Preventing Illness in Horses
Horses have complicated health needs. Just like humans they will get ill from time to time and there will be nothing you can do to prevent it. But there is plenty you can do to prevent some illnesses and minimise the risk of others. A hygienic stable and a clean horse will lead to a higher level of health and a happier horse and rider.
The horse needs a balanced diet, fresh water and good shelter – these are his basic needs. But there are other things he should be able to expect from you as well, such as prevention of injury, regular inspections and good vet care.
ParasitesHorses are susceptible to parasites, especially if they live outside. Most parasites can generally be controlled but owners should do all they can to minimise them. The easiest way to do this is regularly inspect the horse for external parasites and a regular programme of worming for internal ones.
Worms are the most common internal parasites and to avoid your horse picking them up, you should make sure you remove all droppings and always keep him clean. Worm control is usually useful as a preventative measure although your vet will advise on this.
Good grooming will allow you to check for external parasites including lice and flies. If they are not treated as soon as they are spotted, these parasites can lead to worse problems such as colic. So, always pay careful attention when grooming and if the horse is sharing stables with a horse which has lice – treat your animal too to prevent him catching them.
ColicColic is a common illness and generally refers to abdominal pain of varying severity. Much of the time colic can be prevented, but not always, and in these cases, veterinary advice should be sought as soon as possible.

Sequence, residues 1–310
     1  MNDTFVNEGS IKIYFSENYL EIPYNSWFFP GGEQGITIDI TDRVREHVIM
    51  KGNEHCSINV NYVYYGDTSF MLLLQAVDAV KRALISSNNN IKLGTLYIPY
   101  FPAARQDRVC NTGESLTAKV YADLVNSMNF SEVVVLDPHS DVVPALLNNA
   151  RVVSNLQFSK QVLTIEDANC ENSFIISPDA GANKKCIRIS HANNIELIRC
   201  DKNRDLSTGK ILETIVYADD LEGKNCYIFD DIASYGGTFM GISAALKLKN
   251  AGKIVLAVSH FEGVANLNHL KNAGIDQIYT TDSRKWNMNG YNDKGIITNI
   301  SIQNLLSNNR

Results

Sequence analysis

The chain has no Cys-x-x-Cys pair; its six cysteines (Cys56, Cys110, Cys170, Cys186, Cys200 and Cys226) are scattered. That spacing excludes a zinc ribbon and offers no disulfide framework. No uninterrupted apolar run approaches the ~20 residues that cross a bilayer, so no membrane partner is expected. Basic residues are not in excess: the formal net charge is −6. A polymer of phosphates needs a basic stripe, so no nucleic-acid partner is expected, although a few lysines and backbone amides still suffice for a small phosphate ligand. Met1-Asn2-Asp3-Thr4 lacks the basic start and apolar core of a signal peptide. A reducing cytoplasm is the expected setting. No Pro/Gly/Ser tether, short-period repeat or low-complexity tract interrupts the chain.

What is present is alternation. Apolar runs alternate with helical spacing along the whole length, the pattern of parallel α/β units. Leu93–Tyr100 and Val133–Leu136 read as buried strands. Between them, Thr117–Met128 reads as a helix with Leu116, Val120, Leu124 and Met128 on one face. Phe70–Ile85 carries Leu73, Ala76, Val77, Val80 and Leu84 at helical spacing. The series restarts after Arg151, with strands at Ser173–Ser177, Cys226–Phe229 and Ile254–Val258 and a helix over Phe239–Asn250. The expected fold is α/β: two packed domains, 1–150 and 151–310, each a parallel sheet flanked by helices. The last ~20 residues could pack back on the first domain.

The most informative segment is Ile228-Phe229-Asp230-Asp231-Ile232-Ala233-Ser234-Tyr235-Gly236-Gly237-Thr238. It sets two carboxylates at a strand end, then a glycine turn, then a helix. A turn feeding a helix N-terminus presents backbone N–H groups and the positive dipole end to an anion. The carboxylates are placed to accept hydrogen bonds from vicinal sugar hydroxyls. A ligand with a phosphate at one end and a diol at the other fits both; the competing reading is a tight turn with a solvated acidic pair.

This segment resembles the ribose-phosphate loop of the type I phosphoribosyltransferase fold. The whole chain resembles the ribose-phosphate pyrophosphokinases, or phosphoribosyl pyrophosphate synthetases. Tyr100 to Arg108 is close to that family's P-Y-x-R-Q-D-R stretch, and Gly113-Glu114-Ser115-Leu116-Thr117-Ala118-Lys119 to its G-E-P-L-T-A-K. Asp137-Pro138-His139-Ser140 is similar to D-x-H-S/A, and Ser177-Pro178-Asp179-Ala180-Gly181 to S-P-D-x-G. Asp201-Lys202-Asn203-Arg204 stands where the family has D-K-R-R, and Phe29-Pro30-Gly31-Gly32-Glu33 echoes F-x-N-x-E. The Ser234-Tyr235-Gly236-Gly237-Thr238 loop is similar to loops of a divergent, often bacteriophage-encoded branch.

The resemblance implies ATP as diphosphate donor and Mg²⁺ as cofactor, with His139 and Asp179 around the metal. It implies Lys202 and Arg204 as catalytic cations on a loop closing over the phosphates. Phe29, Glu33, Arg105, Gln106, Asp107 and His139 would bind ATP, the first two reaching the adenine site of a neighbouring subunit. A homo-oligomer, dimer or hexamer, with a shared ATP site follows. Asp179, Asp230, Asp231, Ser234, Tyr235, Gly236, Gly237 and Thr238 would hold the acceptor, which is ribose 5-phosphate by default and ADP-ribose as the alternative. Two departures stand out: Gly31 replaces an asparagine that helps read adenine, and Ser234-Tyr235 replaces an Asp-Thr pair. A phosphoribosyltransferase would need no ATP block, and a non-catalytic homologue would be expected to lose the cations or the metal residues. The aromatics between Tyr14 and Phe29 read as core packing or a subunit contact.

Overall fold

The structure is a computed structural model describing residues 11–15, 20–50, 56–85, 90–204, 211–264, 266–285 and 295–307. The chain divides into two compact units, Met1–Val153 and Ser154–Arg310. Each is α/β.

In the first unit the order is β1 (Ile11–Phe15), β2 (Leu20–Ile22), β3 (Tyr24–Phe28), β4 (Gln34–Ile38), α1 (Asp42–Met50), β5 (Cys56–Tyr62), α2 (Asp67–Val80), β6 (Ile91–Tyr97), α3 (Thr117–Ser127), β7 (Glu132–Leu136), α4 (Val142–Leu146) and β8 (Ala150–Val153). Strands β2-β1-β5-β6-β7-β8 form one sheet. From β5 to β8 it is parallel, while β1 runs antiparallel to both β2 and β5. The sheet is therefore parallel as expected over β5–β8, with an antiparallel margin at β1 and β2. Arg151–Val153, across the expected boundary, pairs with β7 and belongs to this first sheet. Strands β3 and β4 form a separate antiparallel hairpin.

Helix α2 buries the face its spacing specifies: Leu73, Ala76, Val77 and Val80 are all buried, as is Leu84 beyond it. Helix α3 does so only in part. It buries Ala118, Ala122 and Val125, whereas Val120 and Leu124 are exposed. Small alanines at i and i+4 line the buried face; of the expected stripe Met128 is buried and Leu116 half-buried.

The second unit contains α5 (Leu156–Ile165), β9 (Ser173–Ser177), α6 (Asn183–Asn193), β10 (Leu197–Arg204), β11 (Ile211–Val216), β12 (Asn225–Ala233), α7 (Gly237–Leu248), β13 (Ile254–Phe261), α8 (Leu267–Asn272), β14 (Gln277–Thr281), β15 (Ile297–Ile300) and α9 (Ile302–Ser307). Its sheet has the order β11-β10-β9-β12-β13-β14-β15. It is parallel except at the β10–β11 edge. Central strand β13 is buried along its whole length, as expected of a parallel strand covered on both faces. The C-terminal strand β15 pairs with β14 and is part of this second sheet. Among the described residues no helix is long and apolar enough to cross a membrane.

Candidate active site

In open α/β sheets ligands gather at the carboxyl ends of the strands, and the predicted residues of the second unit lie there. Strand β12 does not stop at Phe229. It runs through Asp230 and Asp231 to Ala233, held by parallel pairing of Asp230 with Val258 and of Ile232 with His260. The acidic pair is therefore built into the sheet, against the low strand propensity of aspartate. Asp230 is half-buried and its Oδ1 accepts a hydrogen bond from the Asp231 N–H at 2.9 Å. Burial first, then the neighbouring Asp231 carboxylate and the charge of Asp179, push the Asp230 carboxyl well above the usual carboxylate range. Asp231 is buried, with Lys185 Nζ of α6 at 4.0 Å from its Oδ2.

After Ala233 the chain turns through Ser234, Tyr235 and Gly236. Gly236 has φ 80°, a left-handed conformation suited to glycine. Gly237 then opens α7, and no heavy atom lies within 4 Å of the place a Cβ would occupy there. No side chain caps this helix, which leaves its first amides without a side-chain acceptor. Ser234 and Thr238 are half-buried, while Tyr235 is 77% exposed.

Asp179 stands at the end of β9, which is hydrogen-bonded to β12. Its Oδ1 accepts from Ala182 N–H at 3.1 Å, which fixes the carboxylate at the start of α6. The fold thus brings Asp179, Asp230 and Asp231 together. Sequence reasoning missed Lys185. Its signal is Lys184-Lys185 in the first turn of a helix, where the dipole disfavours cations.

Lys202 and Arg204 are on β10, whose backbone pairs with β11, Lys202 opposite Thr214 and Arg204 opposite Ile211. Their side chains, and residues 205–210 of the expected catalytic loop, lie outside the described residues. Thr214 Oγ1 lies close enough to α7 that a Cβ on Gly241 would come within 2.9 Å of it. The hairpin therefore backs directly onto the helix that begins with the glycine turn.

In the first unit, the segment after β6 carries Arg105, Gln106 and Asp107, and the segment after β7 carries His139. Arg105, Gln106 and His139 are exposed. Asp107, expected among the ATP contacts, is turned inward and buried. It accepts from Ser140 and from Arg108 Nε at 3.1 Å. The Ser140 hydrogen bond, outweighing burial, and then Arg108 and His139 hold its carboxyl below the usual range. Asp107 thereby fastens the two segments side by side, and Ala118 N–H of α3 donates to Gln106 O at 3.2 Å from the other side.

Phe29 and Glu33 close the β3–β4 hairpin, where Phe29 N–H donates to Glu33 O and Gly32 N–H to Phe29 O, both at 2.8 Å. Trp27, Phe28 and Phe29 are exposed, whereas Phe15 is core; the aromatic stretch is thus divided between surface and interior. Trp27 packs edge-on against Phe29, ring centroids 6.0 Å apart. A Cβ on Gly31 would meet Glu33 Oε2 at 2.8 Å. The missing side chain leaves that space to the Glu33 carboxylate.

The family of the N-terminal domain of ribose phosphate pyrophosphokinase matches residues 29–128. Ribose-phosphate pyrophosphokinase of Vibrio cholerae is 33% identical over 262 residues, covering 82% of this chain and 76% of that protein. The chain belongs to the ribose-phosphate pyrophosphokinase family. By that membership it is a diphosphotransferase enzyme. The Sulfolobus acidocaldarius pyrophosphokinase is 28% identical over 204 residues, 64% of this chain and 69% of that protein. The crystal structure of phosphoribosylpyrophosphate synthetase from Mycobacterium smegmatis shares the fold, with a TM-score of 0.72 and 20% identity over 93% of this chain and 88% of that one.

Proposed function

Colic can be caused by stress so the horse should be kept as calm and relaxed as possible at all times. Exercising straight after food can also bring it on, much like humans getting stitch – but worse and more painful. As soon as it develops, call the vet. Warning signs include odd breathing patterns and excessive sweating.
HoovesHorses can easily pick up problems in their hooves. All owners should take extra care over the hooves. They should be inspected every day and a farrier visited often. Clean the hooves daily and make sure the shoes are changed every six to eight weeks.
Lameness can be caused if the hooves are not looked after – a disaster for the horse and rider. Horses can also develop laminitis – an inflammation of the inside hoof. This can be caused by obesity so making sure your horse is not gaining weight is one way of preventing this. Laminitis is serious and if left untreated can lead to irreversible damage.
Horses are complex animals and there are many more ailments which have not been mentioned here. But, if they are looked after well and given lots of TLC, illness will be minimised. Make sure you know the signs of common illnesses in horses. If you cannot prevent them happening in the first place then seek vet care as soon as possible. Always know your vet’s emergency numbers and do not be afraid to call if you think your horse is seriously ill. The more aware of illnesses you are, the more you can help your horse.